Rules for the rules

If you have only just recently taken up photography as a hobby, or perhaps you intend making a career of it, you will sooner or later find that there are certain rules, which I prefer to call 'guidelines', to the actual composition or setting up of a photograph. If at this stage you are not aware of them, might I suggest you start reading up on the subject? Otherwise, your images will be somewhat lacking in what is accepted as certain criteria needed for good image production.
Unfortunately, there are rules or guidelines for whatever we do in life and if we stick to them, there is a good chance we will succeed, eventually!
Photographic rules are laid down, not only because of the competitiveness of the industry but also for those novices wishing to better their image making skills.
I might also add here, that most of these so-called rules were handed down and used by many of the classic painters, long before photography was even thought of and no doubt these fine artists became famous because they knew how to apply them to better their trade.
Most photographic rules are psychologically based. In other words, they are incorporated into the making of the image to encourage the emergence of certain emotions felt by the viewer when seeing the photograph for the first time. This is where the phrase, 'A first impression is a lasting impression', takes on real meaning.
Have you ever wondered why some photographs appeal to you more than others?
Do you prefer to look at landscapes, sunsets or seascapes? The choice and preference of art is a personal and psychological one and no two photographers will see or photograph the same scene the same way, but there will always be just that certain something that stirs the mind and emotions when viewing an image, that releases and brings out that 'WOW' factor.
A very obvious psychological aspect of photography would be the correct use and placement of light and colour. Light and its many attributes are the very essences of image making, and without light colour would not exist and neither would photography.
But light can also make or break an image and to take that into consideration, certain rules apply in order for you to use light wisely and to ultimately achieve a reasonable if not better result.
Other rules, such as, the 'rule of thirds', the 'rule of odds', the 'level horizon line' rule, the 'keep it simple' rule, the 'Balance' rule, the 'get in close' rule, the 'fill the frame' rule, the 'negative space' rule, the rule where you make the decision as to whether you should shoot the scene holding the camera horizontally (landscape mode) or vertically (portrait mode).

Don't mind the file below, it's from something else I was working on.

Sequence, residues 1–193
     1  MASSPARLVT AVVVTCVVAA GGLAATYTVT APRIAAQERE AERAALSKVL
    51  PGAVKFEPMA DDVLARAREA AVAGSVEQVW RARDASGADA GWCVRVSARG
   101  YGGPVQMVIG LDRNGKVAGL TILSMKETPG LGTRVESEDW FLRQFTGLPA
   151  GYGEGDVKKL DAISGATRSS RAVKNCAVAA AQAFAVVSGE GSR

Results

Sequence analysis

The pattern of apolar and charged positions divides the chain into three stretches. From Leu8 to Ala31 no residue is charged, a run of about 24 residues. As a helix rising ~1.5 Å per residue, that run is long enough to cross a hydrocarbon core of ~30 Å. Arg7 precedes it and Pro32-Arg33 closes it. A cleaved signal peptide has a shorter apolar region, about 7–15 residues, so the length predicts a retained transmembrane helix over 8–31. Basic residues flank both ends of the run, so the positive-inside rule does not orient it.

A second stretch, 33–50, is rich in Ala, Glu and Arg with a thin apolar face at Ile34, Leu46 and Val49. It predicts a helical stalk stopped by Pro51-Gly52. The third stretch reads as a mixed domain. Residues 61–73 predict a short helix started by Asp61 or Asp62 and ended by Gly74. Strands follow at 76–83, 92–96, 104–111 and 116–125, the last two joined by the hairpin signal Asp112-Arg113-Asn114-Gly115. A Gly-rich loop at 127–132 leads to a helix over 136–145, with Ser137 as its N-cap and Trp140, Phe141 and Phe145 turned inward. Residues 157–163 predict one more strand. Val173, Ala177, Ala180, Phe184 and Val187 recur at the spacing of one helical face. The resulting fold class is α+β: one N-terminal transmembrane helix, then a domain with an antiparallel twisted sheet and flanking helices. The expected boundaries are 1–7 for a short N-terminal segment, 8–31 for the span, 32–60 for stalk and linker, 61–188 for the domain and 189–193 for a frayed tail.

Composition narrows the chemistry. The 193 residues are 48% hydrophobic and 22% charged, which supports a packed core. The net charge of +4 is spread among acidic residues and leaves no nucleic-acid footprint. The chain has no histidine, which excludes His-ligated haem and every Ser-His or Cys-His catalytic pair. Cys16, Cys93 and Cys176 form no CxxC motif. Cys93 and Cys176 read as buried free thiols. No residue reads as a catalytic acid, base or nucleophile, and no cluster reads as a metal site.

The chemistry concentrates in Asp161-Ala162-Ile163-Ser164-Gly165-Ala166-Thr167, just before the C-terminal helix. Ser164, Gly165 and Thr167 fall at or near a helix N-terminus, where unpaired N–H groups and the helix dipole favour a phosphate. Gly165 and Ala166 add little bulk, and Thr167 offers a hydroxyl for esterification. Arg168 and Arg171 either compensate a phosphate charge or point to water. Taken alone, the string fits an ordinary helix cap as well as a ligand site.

In composition, the use of the 'elements' of composition design, such as, light, colour, leading lines, shapes, form, texture, etc. all of which can be explained in full detail in my chapters on 'Composition design' part 1-7. So, whether you take photography very seriously, or just want to take better photos, if you have a broad knowledge of these rules, and you put them to good use when composing your images, your family and friends will praise you for what you have taken and will always want to see more of your work.
Think of that as your inspiration and accept that the rules and guidelines are there for your benefit and ultimately, the benefit and pleasure of those who view your work.

Some food for thought . . .

A wedding photographer was going over some preview shots with the bride to be and her mother. They were both very impressed with his work and the mother of the bride to be said, "Oh, what lovely photos, they're absolutely magnificent, you must have a really good camera to take photos like these!"
The photographer showed no sign of being the least bit put out, but instead, just nodded, smiled politely and said nothing.
As it was getting on in the evening, the bride's mother asked the photographer if he would like to stay and have dinner with them.
"That'd be lovely." He said. "Yes thank you, I'd love to stay!"
After the meal had been dished up and he'd taken a few mouthfuls, he looked up at the woman and said, "I've just got to tell you, this meal is absolute tops. Everything is cooked so well. You must have a magnificent stove."

I suppose, if there is a moral to this, it would have to be, "Your camera doesn't make images, you do." 
Just as your stove doesn't actually do the cooking. . .